Packaging and Packaging Waste

[back to previous text]

Mr. Wilson: I agree that we must do a great deal more in respect of the domestic waste stream. That is why local authorities have a role not only to implement those schemes, but to involve citizens in a more enthusiastic way, educate them in their individual obligations and explain why that is so important for wider environmental objectives. The nature of the hon. Gentleman's question implies the difficulty involved in answering it. We are talking about a range of different waste streams and the margin would occur at a different point for each. I am happy to write to the hon. Gentleman giving examples of particular waste streams and where each point may be. It is something of a moving target, however, and I cannot help him further today.

Tony Cunningham: I shall try to be helpful. A scheme in Allerdale borough council in my constituency deals with fridges, freezers, microwaves and so forth. The local authority collects the items free and they are not scrapped unless they are in a terrible condition. They are taken away and repaired—they may need a new engine, door or whatever—and a shop sells them. Fewer fridges and freezers are scrapped, so there is less waste, and people are trained and employed to repair the goods. At the end of the day, relatively cheap fridges and freezers are available—for £30, £40 or £50.

That is an example of recycling that avoids waste, creates jobs and provides people with something useful. It is the sort of model that should be repeated in other local authorities.

The Chairman: Order. Before the Minister replies, I remind hon. Members that we are discussing the packaging waste directive. Although the European Scrutiny Committee mentioned fridges tangentially, I would be grateful if hon. Members would stick to discussing the directive.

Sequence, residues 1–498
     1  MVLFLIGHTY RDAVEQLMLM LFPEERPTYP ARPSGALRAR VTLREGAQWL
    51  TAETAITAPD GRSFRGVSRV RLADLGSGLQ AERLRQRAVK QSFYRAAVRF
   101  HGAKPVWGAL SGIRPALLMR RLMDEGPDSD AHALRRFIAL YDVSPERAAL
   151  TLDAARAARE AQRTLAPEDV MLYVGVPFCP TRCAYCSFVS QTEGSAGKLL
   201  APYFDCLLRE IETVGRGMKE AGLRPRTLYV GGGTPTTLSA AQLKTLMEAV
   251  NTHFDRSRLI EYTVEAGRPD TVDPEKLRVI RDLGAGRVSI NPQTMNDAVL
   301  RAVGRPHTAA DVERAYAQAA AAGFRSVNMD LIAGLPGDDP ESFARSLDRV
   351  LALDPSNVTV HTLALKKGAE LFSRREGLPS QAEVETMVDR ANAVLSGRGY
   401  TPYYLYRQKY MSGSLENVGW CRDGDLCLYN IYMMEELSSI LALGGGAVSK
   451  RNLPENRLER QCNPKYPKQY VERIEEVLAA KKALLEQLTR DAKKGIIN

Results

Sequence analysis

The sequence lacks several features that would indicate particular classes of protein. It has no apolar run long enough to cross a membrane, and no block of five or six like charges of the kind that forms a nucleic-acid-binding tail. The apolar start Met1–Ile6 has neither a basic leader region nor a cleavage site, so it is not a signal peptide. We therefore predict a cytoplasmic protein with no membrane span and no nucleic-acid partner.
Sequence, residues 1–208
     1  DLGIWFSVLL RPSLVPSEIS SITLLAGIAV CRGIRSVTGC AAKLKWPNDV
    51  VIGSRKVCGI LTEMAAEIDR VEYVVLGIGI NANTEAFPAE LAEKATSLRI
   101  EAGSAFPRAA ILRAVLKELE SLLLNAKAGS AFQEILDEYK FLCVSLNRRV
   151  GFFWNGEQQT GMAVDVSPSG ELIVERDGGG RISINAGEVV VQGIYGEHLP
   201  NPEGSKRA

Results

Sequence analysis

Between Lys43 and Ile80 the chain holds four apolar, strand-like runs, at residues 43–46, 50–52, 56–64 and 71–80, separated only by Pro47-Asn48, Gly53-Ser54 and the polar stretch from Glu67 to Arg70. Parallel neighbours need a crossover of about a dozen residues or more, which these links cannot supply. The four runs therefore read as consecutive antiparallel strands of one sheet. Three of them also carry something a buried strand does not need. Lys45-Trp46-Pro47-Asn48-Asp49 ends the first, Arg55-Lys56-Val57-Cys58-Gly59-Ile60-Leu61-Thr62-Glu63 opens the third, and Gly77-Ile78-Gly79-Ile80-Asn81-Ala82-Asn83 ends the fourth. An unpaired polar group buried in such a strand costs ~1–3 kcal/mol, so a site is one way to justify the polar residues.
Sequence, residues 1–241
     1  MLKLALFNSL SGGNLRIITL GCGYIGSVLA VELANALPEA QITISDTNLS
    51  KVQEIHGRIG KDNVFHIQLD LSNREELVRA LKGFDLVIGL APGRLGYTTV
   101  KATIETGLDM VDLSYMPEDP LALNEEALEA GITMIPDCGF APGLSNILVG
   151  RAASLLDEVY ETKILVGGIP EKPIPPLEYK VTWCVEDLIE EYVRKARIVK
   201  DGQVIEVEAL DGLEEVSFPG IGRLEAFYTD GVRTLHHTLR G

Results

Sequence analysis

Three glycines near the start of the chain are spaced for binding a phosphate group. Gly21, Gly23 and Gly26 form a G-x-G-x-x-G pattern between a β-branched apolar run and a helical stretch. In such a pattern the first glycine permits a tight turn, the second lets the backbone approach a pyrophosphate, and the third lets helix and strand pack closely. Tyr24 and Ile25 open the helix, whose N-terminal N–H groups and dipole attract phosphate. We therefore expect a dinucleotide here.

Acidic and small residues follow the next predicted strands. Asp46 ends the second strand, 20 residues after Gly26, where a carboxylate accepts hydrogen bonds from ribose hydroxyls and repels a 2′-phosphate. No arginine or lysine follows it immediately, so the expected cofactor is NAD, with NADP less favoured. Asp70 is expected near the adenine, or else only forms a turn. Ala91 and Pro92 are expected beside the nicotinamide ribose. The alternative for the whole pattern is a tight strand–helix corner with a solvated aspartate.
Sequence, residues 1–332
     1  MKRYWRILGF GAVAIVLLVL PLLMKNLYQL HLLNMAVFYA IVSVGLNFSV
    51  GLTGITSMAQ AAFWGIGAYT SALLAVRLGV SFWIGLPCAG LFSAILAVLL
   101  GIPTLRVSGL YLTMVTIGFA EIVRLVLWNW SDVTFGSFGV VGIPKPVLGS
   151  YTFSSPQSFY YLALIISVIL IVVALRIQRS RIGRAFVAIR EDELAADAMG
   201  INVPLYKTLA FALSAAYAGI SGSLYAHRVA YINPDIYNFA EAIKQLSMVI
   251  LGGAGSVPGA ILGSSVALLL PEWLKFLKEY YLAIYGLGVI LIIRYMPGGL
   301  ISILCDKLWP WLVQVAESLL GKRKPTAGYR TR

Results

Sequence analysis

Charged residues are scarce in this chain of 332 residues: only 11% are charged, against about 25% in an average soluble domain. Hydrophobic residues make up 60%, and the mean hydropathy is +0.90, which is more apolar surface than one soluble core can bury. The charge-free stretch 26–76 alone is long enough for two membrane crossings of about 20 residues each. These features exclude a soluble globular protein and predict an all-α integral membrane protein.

Mr. Wilson: I am grateful for that, Mr. Atkinson.

My hon. Friend makes a helpful point, which is related to one I made earlier about seeing everything as a problem or burden rather than an opportunity. Certainly, I see the increasing separation of domestic waste for recycling and the requirement to meet targets in the recycling of domestic waste as a really big opportunity, not a burden.

In answer to the previous point, DEFRA's advisory committee has published the figures that the hon. Member for Runnymede and Weybridge (Mr. Hammond) seeks, not on specific waste streams, with which I have already promised to help him, but on the amount of domestic waste that we would have to recycle in order to meet our target. The cost implications are in the regulatory impact assessment.

Column Number: 18

I am happy to supply any supplementary information that he requires.